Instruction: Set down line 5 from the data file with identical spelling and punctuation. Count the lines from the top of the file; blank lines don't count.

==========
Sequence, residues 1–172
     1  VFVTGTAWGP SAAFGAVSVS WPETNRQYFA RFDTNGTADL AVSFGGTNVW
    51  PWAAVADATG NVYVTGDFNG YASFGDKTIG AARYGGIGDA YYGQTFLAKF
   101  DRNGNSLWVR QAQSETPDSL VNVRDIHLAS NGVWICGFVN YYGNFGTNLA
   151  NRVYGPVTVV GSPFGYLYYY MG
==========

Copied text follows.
   151  NRVYGPVTVV GSPFGYLYYY MG